PGY1 pharmacy actions Heading link
Video description Heading link
Interested applicants are encouraged to view this short video to better understand Chicago, UIC College of Pharmacy, UI-Health Clinics, and this residency program.
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Location Heading link
Pharmacy residency training programs are held within the College of Pharmacy at the University of Illinois Chicago (UIC) and the University
of Illinois Medical Center. The Department of Pharmacy Practice, the department of all residency trainees, is the most comprehensive unit of its
type in the United States and continues a tradition of exemplary service through its mission of providing quality education, research, and patient
care. The department educates and trains students, residents, and fellows as well as practicing pharmacists to become nationally recognized for
their leadership, knowledge and competence in practice, research, and teaching.
Program Information Heading link
The Ambulatory Care Pharmacy Residency at the University of Illinois Chicago College of Pharmacy is a 12-month, structured, ASHP-accredited PGY2 residency. The goal of this residency is to develop expert knowledge and skills in the provision of pharmacotherapy to ambulatory care patients by combining clinical service with educational and scholarly activities. During the program, the resident will spend about 60 -70% of the time in professional clinical skill development, 10% in educational activities, 15% in scholarly/research activities and 5% in staffing activities.
Purpose of Residency
PGY2 pharmacy residency programs build on Doctor of Pharmacy (Pharm.D.) education and PGY1 pharmacy residency programs to contribute to the development of clinical pharmacists in specialized areas of practice. PGY2 residencies provide residents with opportunities to function independently as practitioners by conceptualizing and integrating accumulated experience and knowledge and incorporating both into the provision of patient care or other advanced practice settings. Residents who successfully complete an accredited PGY2 pharmacy residency are prepared for advanced patient care, academic, or other specialized positions, along with board certification, if available.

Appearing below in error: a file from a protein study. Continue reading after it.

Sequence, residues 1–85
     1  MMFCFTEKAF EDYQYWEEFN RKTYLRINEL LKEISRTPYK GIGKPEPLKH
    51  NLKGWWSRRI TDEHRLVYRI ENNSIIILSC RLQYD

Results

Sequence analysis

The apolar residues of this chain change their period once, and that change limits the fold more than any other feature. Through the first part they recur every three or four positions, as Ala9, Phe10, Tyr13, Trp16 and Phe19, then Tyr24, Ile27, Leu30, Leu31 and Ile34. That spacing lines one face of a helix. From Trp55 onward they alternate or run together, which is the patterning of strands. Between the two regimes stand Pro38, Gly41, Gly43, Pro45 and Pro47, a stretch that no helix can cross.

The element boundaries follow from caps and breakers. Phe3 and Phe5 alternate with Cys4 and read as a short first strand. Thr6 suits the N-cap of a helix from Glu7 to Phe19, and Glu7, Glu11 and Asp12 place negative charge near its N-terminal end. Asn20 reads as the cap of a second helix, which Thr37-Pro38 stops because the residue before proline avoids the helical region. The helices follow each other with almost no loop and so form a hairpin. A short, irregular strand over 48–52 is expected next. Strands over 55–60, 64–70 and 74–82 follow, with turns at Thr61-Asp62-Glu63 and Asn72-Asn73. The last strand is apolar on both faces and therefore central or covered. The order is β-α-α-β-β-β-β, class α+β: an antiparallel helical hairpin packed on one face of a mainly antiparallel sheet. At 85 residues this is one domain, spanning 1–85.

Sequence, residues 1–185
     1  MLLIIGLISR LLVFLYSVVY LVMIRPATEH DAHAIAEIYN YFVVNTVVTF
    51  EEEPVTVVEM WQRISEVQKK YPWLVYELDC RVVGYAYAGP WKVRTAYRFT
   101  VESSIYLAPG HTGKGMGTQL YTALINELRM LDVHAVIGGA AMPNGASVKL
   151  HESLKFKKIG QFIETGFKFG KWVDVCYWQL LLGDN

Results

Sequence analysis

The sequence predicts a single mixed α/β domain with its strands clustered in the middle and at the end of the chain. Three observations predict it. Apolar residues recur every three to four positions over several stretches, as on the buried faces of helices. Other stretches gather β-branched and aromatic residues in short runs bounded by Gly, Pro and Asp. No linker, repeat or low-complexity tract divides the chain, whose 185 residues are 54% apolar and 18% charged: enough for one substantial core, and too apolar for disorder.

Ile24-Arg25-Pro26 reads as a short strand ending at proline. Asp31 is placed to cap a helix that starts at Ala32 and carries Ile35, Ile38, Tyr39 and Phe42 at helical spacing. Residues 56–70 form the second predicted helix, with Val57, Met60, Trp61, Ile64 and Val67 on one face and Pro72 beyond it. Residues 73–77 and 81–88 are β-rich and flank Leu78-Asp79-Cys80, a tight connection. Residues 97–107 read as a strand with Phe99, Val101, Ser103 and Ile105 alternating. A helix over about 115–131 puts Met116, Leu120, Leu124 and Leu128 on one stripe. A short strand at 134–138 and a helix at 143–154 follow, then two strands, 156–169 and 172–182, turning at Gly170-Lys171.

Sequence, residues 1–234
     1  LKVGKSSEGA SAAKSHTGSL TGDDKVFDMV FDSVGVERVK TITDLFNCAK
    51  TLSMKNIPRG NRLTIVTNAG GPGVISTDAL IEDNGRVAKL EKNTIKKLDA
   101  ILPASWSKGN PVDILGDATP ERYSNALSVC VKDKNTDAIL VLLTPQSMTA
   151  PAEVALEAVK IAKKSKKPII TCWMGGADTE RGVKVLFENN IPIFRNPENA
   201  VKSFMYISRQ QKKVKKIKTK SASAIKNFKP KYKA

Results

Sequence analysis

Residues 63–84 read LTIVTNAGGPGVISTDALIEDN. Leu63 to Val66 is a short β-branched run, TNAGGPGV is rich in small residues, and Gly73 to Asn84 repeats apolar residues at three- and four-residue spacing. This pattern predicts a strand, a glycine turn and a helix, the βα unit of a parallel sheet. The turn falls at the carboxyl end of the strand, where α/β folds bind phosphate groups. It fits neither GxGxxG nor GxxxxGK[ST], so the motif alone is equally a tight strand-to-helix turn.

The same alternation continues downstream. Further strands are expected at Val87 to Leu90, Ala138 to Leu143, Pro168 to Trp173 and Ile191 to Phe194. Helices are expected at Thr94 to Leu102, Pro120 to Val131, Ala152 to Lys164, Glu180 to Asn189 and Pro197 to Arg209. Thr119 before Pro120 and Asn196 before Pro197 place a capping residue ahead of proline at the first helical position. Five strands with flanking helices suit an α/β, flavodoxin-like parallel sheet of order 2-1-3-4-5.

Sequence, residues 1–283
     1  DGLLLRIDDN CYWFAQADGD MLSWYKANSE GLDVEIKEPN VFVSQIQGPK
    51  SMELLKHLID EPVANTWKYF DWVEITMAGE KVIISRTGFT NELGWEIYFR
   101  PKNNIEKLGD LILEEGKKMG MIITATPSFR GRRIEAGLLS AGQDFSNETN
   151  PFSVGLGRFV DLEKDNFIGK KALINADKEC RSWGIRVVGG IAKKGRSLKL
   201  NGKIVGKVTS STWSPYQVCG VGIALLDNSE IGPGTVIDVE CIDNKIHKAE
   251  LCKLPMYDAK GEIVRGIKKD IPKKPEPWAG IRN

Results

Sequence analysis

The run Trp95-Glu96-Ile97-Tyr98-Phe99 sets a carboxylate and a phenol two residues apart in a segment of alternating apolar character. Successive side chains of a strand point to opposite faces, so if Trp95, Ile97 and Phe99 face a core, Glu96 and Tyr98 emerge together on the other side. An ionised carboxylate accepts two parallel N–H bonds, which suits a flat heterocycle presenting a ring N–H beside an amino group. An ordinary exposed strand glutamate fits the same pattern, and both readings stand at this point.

Goals of the Residency
The PGY2 Ambulatory Care Residency will use the required competencies, goals, and objectives for PGY2 Ambulatory Care Residencies set forth by ASHP.
In addition, the following elective competency areas, goals, and associated objectives are taught and evaluated during the residency program year:
- Competency Area E1: Academia
- Goal E1.1: Demonstrate understanding of key elements of the academic environment and faculty roles within it.
- Goal E1.2: Exercise case-based and other teaching skills essential to pharmacy faculty.
- Goal E1.3: Develops and practices a philosophy of teaching.
- Competency Area E5: Specialty Pharmacy
- Goal E5.1: Effectively fulfill the major functions of a specialty pharmacist, including intake, clinical management, fulfillment, and facilitating optimal outcomes.